Title

Leaf-level photosynthetic capacity in lowland Amazonian and high-elevation Andean tropical moist forests of Peru

Authors

Nur H.A. Bahar, ANU Research School of Biology
F. Yoko Ishida, James Cook University, Australia
Lasantha K. Weerasinghe, ANU Research School of Biology
Rossella Guerrieri, Universitat Autònoma de Barcelona
Odhran S. O'Sullivan, ANU Research School of Biology
Keith J. Bloomfield, ANU Research School of Biology
Gregory P. Asner, Carnegie Institution of Washington
Roberta E. Martin, Carnegie Institution of Washington
Jon Lloyd, James Cook University, Australia
Yadvinder Malhi, Oxford Social Sciences Division
Oliver L. Phillips, University of Leeds
Patrick Meir, ANU Research School of Biology
Norma Salinas, Oxford Social Sciences Division
Eric G. Cosio, Pontificia Universidad Catolica del Peru
Tomas F. Domingues, Universidade de Sao Paulo - USP
Carlos A. Quesada, Instituto Nacional de Pesquisas Da Amazonia
Felipe Sinca, Carnegie Institution of Washington
Alberto Escudero Vega, Pontificia Universidad Catolica del Peru
Paola P. Zuloaga Ccorimanya, Universidad Nacional San Antonio Abad del Cusco
Jhon del Aguila-Pasquel, Instituto de Investigaciones de la Amazonía Peruana
Katherine Quispe Huaypar, Universidad Nacional San Antonio Abad del Cusco
Israel Cuba Torres, Universidad Nacional San Antonio Abad del Cusco
Rosalbina Butrón Loayza, Museo de Historia Natural, Cusco
Yulina Pelaez Tapia, Universidad Nacional San Antonio Abad del Cusco
Judit Huaman Ovalle, Universidad Nacional San Antonio Abad del Cusco
Benedict M. Long, ANU Research School of Biology
John R. Evans, ANU Research School of Biology
Owen K. Atkin, ANU Research School of Biology

Document Type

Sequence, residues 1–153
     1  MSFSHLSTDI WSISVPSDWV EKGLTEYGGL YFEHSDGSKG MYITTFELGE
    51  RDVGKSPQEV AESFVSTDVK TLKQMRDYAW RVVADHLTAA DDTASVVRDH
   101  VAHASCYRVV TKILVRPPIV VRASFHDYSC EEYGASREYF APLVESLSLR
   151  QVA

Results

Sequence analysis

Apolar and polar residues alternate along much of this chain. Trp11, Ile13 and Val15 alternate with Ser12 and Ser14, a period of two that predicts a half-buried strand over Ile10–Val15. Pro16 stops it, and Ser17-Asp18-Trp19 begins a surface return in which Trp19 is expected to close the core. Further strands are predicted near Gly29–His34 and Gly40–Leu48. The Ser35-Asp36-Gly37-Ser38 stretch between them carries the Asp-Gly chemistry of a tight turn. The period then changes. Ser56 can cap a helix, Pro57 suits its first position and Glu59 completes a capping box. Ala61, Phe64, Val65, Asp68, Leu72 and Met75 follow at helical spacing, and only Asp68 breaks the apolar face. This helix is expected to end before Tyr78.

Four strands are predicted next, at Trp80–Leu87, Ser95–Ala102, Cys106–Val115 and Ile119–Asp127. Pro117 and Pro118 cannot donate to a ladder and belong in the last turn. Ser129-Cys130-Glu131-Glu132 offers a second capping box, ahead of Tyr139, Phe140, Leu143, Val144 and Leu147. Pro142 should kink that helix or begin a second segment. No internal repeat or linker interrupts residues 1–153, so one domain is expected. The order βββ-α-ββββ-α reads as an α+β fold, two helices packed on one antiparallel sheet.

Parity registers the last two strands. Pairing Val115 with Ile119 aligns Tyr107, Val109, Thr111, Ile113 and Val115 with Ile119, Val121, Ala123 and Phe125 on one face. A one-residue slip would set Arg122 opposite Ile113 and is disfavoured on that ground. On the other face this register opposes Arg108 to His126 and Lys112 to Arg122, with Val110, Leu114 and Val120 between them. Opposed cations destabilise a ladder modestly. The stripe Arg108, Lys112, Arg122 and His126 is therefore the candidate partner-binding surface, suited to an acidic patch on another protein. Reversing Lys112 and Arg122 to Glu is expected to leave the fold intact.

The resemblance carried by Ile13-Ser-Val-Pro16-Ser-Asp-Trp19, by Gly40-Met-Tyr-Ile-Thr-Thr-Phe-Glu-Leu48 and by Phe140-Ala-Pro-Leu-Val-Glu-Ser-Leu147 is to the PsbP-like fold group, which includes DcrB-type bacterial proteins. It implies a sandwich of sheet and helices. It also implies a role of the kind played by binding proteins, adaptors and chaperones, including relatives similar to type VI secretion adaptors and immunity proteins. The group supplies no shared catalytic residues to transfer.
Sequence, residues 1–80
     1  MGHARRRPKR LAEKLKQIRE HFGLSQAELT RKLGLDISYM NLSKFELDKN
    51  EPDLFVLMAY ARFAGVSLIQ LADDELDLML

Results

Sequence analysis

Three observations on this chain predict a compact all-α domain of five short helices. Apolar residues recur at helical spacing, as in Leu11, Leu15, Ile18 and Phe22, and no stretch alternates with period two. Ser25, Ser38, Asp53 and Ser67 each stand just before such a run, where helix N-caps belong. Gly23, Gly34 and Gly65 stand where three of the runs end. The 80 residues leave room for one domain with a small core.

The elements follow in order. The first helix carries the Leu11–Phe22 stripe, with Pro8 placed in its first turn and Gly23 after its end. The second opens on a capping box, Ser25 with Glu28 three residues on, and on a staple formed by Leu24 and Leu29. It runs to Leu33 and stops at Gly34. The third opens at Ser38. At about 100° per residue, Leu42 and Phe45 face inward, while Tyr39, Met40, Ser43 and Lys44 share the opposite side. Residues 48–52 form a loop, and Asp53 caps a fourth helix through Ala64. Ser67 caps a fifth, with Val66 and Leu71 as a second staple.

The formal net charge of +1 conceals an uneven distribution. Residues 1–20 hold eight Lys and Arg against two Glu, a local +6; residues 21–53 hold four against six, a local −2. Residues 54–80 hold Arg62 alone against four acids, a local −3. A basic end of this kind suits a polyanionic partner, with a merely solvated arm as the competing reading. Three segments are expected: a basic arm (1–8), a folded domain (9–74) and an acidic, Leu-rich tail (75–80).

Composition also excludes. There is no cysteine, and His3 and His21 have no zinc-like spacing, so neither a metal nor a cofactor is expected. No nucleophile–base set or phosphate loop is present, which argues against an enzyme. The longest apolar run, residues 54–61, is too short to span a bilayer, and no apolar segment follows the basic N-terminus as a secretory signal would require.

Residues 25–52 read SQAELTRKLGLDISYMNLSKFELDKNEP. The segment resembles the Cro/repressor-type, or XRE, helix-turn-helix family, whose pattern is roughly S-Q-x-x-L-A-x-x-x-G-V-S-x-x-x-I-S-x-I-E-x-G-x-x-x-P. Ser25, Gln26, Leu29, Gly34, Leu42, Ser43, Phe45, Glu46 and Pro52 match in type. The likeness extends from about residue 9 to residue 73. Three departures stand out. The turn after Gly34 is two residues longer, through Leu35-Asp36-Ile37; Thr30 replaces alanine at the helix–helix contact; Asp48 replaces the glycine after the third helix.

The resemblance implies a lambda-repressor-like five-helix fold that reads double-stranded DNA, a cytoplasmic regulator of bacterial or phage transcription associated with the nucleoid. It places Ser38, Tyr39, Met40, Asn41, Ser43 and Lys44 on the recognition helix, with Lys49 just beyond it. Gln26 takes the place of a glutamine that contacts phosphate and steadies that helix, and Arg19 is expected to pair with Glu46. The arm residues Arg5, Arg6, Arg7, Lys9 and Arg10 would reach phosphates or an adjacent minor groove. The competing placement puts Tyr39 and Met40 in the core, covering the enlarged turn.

Article

Publication Date

5-1-2017

Abstract

© 2016 The Authors. New Phytologist © 2016 New Phytologist Trust We examined whether variations in photosynthetic capacity are linked to variations in the environment and/or associated leaf traits for tropical moist forests (TMFs) in the Andes/western Amazon regions of Peru. We compared photosynthetic capacity (maximal rate of carboxylation of Rubisco (Vcmax), and the maximum rate of electron transport (Jmax)), leaf mass, nitrogen (N) and phosphorus (P) per unit leaf area (Ma, Na and Pa, respectively), and chlorophyll from 210 species at 18 field sites along a 3300-m elevation gradient. Western blots were used to quantify the abundance of the CO2-fixing enzyme Rubisco. Area- and N-based rates of photosynthetic capacity at 25°C were higher in upland than lowland TMFs, underpinned by greater investment of N in photosynthesis in high-elevation trees. Soil [P] and leaf Pa were key explanatory factors for models of area-based Vcmax and Jmax but did not account for variations in photosynthetic N-use efficiency. At any given Na and Pa, the fraction of N allocated to photosynthesis was higher in upland than lowland species. For a small subset of lowland TMF trees examined, a substantial fraction of Rubisco was inactive. These results highlight the importance of soil- and leaf-P in defining the photosynthetic capacity of TMFs, with variations in N allocation and Rubisco activation state further influencing photosynthetic rates and N-use efficiency of these critically important forests.

Publication Title

New Phytologist

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